The electrical circuitry to both the APP and TPS sensors is the same. Just like the APP sensor, the TPS sensor unit is mounted on the throttle body and converts the throttle body butterfly valve angle position into a voltage signal, which is transferred to the PCM unit. The main purpose of the TPS is to monitor whether the throttle valve or blade, is in the open position, which can be indicated by how far the accelerator pedal has been pushed down.

Furthermore, the TBS also controls how much air is flowing into an engine. For example, when the engine’s intake manifold is opened, more air will flow in, whereas a closed intake manifold will prohibit much air from flowing into the system. The engine control unit obtains information from the TPS in the form of a voltage signal to determine the throttle valve position and allow for air-fuel ratio correction and fuel cut control to be achieved. Similar to the APP unit, the TPS unit is also comprised of three components, each of which is in the form of wires.

The circuitry to the TPS unit involves this unit receiving 5 volts from the PCM unit. During movement of a vehicle, the signal delivered to the TPS is in the range of 3.5–4.7 volts; a value range that indicates that the throttle valve is in the open position.

A closed-throttle position switch informs the PCM unit that the accelerator pedal is free, which indicates that the driver has removed his/her foot from the pedal device.

Continue reading: Sensor Technology in Driverless Cars

References and Further Reading

Grainger R. (2008). Mazda MX-5 Miata 1.8: Enthusiast Workshop Manual. UK, Dorset: Veloce Publishing.

Erjavec J. (2010). Automotive Technology: A Systems Approach. USA, New York: Delmar Cengage Learning.

Pickerill K. (2010). Automotive Engine Performance. USA, New York: Delmar, Cengage Learning.

Hatch ST. (2012). Computerized Engine Controls. USA, New York: Delmar, Cengage Learning.

“Choosing the Right Automotive Sensor for Throttle Control” - ElectronicDesign

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  1. Larry Price Larry Price United States says:

    It doesn't happen every time I drive my truck, but sometimes the little engine light comes on and stays on for a long time.  I may kill it and start back up a little while later, and it may not come on.  The guys at O'Reilly's checked it for me, and said it was either the throttle pos. sensor or the pedal sensor.  Is there any way to tell which one easily?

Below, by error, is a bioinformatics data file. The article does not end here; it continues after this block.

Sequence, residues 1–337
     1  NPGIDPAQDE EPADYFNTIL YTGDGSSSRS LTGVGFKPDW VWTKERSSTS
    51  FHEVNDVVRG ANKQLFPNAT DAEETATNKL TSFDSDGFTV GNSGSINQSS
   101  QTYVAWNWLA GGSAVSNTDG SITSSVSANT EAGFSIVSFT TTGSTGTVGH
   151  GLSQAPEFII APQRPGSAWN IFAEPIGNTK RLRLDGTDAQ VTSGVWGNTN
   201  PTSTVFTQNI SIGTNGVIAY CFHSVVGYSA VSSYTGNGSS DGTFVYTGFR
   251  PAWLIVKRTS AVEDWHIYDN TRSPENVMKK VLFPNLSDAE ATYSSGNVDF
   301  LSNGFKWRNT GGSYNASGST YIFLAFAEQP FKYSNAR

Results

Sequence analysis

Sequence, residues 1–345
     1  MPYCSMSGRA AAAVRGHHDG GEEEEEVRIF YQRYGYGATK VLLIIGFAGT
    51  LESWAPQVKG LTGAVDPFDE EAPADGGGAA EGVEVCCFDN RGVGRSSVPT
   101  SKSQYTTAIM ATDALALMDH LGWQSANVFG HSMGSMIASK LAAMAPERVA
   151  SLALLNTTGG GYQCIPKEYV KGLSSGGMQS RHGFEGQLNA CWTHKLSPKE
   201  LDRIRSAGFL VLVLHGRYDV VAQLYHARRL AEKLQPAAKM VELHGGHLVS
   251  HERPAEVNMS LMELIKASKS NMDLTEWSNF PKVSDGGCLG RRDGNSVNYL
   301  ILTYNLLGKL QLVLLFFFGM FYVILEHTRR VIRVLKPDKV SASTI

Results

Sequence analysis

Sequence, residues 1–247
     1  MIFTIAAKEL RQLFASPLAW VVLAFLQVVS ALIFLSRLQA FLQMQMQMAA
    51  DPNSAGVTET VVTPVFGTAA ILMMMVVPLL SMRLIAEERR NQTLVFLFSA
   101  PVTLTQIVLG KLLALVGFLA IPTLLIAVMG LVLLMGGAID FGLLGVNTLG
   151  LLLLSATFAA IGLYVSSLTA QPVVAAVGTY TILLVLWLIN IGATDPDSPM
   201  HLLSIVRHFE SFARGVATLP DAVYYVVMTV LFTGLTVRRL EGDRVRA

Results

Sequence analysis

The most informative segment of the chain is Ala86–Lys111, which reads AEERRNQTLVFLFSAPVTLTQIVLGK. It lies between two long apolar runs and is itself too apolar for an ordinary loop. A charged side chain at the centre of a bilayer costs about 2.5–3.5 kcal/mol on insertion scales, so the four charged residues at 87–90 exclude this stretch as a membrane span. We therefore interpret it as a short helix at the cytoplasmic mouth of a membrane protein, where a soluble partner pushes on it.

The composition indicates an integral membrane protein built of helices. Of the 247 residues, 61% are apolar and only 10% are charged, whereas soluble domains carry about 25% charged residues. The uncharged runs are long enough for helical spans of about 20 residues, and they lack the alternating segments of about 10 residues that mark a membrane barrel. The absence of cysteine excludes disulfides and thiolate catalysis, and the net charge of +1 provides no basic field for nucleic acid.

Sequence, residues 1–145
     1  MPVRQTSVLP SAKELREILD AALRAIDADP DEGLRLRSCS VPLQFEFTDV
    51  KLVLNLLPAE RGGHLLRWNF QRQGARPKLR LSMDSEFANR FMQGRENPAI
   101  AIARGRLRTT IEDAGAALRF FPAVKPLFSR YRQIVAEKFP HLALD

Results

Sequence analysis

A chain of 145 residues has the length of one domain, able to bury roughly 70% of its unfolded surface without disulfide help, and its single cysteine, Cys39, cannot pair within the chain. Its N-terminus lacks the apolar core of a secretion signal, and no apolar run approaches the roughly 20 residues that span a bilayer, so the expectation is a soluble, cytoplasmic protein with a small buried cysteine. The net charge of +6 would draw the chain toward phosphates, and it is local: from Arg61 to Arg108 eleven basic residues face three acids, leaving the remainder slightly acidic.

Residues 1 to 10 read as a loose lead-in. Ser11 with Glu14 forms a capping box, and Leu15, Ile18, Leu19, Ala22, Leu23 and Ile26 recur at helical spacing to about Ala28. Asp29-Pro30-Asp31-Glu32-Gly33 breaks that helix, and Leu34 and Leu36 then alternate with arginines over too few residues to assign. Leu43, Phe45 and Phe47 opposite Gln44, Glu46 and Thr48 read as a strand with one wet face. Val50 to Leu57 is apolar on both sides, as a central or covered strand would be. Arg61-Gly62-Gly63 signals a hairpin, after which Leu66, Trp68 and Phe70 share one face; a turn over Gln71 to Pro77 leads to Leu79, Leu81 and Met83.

• Robert Delaplaza Robert Delaplaza United States says:

      First; You will need, on the cheap side, a universal code reader or "scanner".

      The engine light is controlled by the PCM or (Power Control Module) also known as "the computer" is just telling you that it has detected something wrong with the engine management system.

      The PCM and it's attached multiple sensors and actuators and will be able to tell you which one or several DTC (data trouble codes) what is out of whack.

      There are several groups of codes, the power train codes can be up to 9999 different codes, preceded by the letter "P" for those related to the powertrain, other codes preceded for different letter are used for other subsystems of the car.

      This codes are classified in different groups denoted by a different prefix letter. and are separated in general use code, applicable to any engine that uses the Federal mandated standard enforced by the EPA (environmental Protection Agency) through the OBDII standard (OnBoardDiagnostics generation II).

      There are many dedicated "computers" in your car nowdays, the main one is the PCM that controls the engine, and may also control the automatic transmission or have another separate computer module to do so, the ABS or antilock brake system, climate control, body control module, dashboard control module and a few different more.

      So connect the scanner or code reader and it will tell you where to start looking for the trouble that your PCM is sensing.